denominate the accent of time. In every curetiek sign. 'In all cases of the e circumflexed, the reader mouse Italian word composed of more than one syllable, there is studiously avoid the English sound of e, which could only create always one syllable on which, when we pronotince it, the voice the greatest confusion. He may always bear in mind what I have oughi to pause with a markce elevation of tone. This prolon- stated, that an approximation to the circumtlexed e is to be found gation and elevation of the voice on the syllable is similar to in the' e of the English words let and ever; only uttered with a the transition of the voice from one tone to another in music, wider opening of the mouth and deeper sound! The circumflexed in order to descend to the level of the original tone from which eis invariably the accent of tone. the voice was raised. The accent of tone exists more or

The reader must bear in mind, that this is the second or less less in every language, but it is more or less sensibiy marked frequent sound of o, something like the English o in the words in one language than another, and it is strongly so in Italian; orange and lord, but with a wider opening of the mouth and deeper and on the marked use of this accent in a great measure sound. I give it the circumflex mark, because it is the less com depends the barmony of the language. I shall mark this accent nion sound. Wherever it occurs in my lessons, it will invariably by the acute sign from right to left. It is true that this denote, as in the case of the circumflexed e, the accent of tone ar acute sign is sometimes printed in Italian words, but in a very well as the peculiar sound of the o. few instances only, which I shall have occasion to point out here

If I shall have occasion to speak of the two sounds of s when I after. The grave decent(), from left to right; is used much more explain the sounds of the semi-vowels. frequently (the rules for its use will be given hercafter), and for my readers to pronounce double consonants. It is a fundamental

I give these as exercises for the special purpose of teaching, this reason I prefer using, in order to avoid contusion, the acute mecanlialian pronunciation that double consonants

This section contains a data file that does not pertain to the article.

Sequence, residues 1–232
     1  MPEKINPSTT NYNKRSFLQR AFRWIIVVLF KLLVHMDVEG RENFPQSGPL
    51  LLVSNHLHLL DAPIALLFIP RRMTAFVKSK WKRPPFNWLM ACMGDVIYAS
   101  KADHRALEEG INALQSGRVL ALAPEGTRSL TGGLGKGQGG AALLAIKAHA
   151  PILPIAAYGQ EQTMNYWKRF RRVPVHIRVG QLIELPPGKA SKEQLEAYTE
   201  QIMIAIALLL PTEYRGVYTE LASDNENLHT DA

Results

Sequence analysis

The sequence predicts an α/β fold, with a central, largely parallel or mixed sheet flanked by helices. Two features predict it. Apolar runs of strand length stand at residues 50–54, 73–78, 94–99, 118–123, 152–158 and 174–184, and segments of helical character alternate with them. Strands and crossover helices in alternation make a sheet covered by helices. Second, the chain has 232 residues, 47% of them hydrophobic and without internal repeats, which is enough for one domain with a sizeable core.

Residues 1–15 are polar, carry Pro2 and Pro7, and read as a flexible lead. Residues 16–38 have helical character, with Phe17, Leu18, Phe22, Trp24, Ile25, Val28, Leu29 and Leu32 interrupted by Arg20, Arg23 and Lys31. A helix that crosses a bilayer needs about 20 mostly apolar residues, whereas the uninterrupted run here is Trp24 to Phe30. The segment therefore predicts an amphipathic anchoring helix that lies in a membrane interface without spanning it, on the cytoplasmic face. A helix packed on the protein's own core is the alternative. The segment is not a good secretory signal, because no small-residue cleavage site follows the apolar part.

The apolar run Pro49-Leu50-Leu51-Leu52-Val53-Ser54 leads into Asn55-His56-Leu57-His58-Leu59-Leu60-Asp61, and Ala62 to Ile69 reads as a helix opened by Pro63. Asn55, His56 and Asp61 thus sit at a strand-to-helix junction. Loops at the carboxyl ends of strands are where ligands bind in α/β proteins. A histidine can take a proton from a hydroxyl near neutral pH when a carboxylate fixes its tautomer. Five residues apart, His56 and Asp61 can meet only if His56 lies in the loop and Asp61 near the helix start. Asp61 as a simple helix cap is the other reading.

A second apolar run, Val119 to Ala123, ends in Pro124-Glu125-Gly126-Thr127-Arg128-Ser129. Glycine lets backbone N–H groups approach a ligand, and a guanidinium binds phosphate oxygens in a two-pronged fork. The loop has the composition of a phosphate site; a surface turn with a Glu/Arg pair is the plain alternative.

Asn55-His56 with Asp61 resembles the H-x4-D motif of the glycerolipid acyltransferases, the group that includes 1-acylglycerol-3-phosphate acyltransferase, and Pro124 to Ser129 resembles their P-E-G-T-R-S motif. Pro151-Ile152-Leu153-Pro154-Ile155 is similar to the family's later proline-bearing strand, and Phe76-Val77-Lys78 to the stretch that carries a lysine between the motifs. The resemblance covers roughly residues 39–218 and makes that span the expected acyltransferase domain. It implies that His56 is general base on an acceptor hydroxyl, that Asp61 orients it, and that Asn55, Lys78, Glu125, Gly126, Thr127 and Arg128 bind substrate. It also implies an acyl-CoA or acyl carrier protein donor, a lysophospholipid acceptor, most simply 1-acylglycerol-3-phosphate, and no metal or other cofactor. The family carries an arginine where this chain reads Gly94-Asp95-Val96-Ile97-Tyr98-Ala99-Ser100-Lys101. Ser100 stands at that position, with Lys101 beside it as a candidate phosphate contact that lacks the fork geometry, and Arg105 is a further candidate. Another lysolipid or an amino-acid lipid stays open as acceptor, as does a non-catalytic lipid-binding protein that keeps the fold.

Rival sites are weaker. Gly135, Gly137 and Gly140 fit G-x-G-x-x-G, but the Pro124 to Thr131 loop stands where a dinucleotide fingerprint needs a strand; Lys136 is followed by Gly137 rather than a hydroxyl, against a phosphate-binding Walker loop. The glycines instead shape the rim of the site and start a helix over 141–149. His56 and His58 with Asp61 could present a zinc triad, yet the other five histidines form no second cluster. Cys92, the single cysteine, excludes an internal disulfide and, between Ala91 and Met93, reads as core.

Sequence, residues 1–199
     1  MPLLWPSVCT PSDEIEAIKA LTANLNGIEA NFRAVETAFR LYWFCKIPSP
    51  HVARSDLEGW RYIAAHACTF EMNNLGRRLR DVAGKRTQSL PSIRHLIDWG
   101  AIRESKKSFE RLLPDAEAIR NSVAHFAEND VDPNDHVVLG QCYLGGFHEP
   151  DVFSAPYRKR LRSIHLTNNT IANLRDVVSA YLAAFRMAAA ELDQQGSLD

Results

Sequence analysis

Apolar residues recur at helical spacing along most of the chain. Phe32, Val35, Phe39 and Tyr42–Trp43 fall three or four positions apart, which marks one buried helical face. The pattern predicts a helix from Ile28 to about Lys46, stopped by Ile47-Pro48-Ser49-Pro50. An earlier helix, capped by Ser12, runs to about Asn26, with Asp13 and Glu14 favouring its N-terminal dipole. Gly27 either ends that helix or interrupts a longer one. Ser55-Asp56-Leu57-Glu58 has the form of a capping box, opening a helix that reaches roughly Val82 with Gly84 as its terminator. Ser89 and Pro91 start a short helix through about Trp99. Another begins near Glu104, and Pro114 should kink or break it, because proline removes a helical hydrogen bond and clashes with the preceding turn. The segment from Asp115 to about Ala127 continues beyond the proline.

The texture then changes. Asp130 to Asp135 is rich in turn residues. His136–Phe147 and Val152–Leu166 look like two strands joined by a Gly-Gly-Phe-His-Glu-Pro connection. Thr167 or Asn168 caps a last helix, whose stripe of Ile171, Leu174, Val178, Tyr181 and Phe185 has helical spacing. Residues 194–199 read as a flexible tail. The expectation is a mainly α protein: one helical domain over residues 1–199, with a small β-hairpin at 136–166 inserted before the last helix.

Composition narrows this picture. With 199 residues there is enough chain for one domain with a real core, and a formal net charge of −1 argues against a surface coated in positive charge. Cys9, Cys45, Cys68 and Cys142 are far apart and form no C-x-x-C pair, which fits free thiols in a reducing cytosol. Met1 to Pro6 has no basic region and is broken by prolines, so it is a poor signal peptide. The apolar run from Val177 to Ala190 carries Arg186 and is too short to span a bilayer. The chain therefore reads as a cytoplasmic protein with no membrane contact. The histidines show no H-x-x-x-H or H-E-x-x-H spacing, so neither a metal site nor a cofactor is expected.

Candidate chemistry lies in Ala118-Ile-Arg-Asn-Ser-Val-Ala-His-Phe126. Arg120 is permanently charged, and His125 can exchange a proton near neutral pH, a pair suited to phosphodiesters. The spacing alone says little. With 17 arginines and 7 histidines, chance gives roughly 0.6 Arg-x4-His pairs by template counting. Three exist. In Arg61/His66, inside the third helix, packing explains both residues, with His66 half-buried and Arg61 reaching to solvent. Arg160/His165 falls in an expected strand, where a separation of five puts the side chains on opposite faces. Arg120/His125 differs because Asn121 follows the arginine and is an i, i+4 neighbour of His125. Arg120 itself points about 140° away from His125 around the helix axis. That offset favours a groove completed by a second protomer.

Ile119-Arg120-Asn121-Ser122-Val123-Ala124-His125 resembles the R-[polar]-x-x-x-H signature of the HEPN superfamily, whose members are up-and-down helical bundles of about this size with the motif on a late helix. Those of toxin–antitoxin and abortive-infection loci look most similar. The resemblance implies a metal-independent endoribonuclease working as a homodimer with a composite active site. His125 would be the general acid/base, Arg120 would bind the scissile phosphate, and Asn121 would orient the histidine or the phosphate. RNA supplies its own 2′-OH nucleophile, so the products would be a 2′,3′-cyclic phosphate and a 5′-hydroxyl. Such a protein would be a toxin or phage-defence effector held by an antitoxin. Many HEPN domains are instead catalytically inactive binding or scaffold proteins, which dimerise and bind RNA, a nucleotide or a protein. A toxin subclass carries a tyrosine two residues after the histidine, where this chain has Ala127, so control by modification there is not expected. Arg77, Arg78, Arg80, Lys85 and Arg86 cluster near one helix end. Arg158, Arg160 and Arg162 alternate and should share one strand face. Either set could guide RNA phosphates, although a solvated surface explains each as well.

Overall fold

must be accent as the arbitrary mark or sign of the accent of tone. uttered and vibrate distinctly. This is essentially necessary, not ed by principles clear and invariable ; which it would be l words, but as it frequently distinguishes words of totally different

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Italian. Pronounced.

English.

ON PHYSICS OR NATURAL PHILOSOPHY
Bebbe (for bevve) béb-bai**

He drank
Gibbi (for gobbi) jib'-beeft
Hunchbacks

No. II.
Gobbo
gób-bo
A hunchback

GENERAL PROPERTIES OF MATERIAL BODIES.
Dubbi
doob.bee

Doubts
Cado
kah-do
I fall

(Continued from p. 3.)
Cece
tchái-tchai

Chickpease
Cito
tchée-to
Quickly

Porosity. This is the property of matter in consequence of
Coda
kó-dah
Tail

which interstices exist between the particles of bodies; these
Cute
kbo-tai
Skin

interstices are termed pores.
Ducato
doo-káh-to

Dukedom, ducat Pores are of two kinds; there are physical pores, or inter-
Ricevo
ree-tchái-vo
I receive

stices, so small, that the attractive and repulsive forces with
Incido
in-ichée-do
I cut

which matter is endowed continue to exert their action; and Ancona an-kó-nalt Ancona

there are sensible pores, such as may be recognised by inspecLacuna lah-kóo-nah Pool, swamp

tion. The latter are merely holes, across which the molecular Bacco bák-ko Bacchus

forces are incompetent to exert their action. It is to the existBecco bek-ko Beak